©2018 All Rights Reserved Carole Copeland Thomas • (508) 947-5755 • Carole@mssconnect.com
By Carole Copeland Thomas, MBA, CDMP, CITM
Sources: Business Insider, Forbes, Robert Half, The Balance
I’ve sorted through some of the best resources in the marketplace and created a list of nine responses/questions to use when asking for a raise. Take a look and determine your best course of action.
Don’t forget to read my September 22nd Blog, “Five Key Negotiating Tips For Women” for more resources on planning your gameplay for financial success.
-Carole Copeland Thomas
Here are your nine responses:
"I'm glad you agree I'm doing such a good job, which is why I was surprised when I recently discovered that I'm making less than most people in comparable positions. How can we fix that?"
"How can I improve in my role to ensure a pay raise in the future?"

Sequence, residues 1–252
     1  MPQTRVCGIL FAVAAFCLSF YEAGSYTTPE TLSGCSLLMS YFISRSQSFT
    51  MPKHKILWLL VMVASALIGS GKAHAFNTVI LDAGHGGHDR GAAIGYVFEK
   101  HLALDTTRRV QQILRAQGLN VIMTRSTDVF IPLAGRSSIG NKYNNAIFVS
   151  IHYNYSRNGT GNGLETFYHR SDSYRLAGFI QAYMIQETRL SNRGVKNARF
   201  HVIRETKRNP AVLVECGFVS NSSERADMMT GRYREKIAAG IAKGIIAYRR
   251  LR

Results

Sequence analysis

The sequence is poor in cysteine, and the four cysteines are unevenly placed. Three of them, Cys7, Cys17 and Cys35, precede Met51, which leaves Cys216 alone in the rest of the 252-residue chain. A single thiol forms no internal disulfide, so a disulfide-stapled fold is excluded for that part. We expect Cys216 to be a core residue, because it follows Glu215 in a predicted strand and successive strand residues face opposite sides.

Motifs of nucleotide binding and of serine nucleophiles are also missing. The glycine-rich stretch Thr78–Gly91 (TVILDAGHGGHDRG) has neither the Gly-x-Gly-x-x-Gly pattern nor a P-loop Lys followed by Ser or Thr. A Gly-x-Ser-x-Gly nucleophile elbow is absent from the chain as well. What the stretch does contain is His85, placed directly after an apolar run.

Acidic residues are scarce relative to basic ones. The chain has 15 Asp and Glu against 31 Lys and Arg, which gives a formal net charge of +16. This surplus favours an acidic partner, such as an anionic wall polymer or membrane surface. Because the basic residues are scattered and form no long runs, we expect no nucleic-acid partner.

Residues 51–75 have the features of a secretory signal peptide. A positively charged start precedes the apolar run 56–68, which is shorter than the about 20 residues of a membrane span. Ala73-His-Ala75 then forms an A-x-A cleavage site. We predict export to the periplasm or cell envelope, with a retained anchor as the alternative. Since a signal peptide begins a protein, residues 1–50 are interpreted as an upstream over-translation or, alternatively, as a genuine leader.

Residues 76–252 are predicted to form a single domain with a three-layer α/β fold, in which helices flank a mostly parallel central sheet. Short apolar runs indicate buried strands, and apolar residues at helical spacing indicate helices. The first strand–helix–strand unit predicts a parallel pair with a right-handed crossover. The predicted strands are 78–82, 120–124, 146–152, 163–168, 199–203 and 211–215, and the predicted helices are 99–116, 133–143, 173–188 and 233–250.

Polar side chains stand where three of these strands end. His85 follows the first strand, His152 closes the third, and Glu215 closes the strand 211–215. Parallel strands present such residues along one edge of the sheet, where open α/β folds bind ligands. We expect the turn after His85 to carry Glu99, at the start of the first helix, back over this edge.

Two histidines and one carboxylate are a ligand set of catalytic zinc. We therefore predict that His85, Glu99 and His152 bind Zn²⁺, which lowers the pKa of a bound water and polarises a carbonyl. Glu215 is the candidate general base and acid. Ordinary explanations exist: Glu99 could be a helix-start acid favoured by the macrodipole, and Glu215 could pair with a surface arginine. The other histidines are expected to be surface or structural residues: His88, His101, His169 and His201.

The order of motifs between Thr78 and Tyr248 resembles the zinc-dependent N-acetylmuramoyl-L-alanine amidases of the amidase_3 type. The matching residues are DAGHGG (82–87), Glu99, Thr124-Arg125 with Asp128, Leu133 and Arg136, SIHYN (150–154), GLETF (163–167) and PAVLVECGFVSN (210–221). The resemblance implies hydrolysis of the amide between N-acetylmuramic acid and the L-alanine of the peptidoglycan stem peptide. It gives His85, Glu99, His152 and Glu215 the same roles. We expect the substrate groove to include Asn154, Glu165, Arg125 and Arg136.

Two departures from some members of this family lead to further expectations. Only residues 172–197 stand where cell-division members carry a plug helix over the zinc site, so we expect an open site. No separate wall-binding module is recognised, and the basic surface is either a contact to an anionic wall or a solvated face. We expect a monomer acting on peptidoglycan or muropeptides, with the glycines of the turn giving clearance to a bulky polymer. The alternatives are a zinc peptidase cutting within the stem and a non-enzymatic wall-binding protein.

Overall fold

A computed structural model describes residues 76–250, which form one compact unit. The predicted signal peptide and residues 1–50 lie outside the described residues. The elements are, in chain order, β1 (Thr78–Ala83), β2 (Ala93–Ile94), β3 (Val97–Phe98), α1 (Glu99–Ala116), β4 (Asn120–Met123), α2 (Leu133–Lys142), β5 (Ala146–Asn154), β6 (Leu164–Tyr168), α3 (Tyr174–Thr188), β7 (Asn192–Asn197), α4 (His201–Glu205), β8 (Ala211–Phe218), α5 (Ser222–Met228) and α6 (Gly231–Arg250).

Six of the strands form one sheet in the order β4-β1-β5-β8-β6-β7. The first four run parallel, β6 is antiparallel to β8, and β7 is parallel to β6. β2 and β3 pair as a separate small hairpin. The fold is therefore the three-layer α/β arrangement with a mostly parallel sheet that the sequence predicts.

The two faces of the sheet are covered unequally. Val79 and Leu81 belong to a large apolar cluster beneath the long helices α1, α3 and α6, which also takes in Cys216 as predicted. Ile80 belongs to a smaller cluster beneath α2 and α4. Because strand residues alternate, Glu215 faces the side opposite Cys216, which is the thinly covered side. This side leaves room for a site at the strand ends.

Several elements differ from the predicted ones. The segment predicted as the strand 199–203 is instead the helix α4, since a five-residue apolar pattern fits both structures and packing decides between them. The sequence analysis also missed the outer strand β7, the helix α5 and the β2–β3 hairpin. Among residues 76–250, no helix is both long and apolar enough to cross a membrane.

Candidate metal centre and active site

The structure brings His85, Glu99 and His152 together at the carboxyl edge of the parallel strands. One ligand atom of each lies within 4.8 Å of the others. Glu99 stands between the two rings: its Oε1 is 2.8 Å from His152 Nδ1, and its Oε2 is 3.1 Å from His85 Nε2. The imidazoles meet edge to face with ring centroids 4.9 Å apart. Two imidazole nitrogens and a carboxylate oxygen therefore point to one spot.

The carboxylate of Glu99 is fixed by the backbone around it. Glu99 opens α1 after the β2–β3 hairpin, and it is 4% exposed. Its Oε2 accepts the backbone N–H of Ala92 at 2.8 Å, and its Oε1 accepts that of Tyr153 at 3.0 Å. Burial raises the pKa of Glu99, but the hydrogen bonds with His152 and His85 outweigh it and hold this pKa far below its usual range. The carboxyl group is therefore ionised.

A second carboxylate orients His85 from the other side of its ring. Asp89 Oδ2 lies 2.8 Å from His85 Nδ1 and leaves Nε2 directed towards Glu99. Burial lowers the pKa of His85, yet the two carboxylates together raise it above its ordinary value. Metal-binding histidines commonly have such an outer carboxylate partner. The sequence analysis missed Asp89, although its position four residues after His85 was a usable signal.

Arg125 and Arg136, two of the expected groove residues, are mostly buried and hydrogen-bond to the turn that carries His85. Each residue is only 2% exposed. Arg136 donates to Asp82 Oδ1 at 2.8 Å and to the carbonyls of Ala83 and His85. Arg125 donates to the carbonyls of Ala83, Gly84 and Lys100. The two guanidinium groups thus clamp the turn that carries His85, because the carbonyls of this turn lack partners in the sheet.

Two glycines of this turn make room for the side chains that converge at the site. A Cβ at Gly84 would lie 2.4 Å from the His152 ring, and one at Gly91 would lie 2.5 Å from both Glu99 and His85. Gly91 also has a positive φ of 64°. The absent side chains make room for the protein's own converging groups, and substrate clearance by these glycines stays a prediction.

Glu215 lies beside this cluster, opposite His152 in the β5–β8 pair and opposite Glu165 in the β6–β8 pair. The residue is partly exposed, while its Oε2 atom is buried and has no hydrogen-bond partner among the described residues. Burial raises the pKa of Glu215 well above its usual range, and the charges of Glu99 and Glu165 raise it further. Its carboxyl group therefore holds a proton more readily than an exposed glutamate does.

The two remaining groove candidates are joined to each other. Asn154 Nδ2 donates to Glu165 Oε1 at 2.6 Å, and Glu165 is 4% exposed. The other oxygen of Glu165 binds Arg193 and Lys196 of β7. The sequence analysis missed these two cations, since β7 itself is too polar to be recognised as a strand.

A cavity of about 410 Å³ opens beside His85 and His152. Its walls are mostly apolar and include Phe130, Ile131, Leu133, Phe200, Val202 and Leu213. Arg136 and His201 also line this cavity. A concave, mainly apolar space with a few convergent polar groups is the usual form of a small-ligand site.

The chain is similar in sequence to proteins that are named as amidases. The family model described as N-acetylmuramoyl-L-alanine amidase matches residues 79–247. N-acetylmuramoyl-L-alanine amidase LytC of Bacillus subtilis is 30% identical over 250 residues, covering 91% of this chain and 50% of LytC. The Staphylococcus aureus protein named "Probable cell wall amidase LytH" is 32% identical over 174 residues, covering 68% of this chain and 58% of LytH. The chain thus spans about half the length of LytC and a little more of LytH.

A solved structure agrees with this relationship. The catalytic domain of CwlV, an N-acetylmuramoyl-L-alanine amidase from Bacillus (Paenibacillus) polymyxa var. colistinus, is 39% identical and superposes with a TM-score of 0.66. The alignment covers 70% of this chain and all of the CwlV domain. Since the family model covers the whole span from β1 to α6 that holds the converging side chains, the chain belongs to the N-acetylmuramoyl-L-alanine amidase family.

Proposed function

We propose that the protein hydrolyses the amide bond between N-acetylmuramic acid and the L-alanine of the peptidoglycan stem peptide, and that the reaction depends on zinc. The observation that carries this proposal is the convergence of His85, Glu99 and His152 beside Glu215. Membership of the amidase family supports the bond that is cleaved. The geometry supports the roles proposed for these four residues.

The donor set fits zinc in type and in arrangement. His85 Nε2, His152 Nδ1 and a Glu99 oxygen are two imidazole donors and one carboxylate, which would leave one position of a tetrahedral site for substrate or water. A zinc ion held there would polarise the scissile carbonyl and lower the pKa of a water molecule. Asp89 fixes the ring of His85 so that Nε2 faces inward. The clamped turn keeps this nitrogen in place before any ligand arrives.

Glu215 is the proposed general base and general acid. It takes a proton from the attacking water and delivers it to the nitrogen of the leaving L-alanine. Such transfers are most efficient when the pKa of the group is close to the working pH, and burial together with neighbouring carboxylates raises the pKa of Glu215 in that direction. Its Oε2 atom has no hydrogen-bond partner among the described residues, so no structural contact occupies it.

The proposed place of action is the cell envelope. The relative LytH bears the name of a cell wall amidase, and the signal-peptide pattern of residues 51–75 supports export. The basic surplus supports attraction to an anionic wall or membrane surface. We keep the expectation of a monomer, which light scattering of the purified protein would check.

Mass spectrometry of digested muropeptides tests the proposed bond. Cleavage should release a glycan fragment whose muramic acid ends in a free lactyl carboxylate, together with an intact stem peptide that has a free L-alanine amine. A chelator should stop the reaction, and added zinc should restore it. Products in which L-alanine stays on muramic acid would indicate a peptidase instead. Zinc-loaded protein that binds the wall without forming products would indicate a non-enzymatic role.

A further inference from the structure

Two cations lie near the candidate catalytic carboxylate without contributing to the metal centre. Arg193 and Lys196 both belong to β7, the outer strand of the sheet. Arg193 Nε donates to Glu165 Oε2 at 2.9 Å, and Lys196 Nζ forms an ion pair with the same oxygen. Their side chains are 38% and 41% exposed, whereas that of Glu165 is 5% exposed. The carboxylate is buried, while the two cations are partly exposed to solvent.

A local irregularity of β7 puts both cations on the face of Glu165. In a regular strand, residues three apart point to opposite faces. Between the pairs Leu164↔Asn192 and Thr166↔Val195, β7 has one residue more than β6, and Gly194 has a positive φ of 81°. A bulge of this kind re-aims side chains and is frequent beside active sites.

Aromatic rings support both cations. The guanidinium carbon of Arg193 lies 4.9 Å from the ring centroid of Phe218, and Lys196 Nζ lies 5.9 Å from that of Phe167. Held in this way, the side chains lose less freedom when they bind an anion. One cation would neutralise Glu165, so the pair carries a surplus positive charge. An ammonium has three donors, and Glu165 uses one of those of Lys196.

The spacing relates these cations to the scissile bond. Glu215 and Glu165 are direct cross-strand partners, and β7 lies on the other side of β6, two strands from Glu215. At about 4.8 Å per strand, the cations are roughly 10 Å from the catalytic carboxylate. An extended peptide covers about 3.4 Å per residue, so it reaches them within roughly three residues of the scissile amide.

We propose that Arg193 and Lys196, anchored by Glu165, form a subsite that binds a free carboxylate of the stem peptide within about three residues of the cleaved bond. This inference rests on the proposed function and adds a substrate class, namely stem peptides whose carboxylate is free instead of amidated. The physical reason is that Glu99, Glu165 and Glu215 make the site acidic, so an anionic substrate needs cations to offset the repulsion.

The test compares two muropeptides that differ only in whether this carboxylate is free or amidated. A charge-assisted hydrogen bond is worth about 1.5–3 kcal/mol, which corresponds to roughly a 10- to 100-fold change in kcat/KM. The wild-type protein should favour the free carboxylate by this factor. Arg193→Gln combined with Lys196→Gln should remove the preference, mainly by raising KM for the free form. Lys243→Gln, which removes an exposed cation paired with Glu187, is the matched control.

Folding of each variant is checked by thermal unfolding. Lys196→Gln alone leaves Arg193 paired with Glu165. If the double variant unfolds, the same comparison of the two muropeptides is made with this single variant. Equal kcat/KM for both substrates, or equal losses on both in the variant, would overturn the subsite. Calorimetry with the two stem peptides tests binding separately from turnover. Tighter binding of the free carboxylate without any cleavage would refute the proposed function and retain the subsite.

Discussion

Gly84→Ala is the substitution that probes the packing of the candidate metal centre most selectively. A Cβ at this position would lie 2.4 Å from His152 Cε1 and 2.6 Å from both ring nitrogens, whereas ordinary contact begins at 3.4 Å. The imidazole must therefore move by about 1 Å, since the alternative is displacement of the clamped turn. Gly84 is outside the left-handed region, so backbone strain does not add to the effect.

"If I ever wanted to talk about my salary, how and when would that happen?"
“I’m hoping we can sit down, and I’d like to make the case to you for revisiting my salary.”
“I was hoping we could talk about my salary. I’ve taken on a number of new responsibilities over the last year, such as [fill in the blank], and I’d like to discuss increasing my salary to a level that reflects that.”
“I love the work I do here and want to stay with the company long-term. That said, my understanding of the market is that I should be making X.”
"What would it take for me to earn a raise in the future?"
“I saved the company $67,000 this year by creating automatic AP alerts to get checks out for early payment discounts. With that achievement, is there a reason why my salary can’t be adjusted upward?"
"I believe that my increasing contributions to the company and my new qualifications justify a pay raise."
* * * * * * * *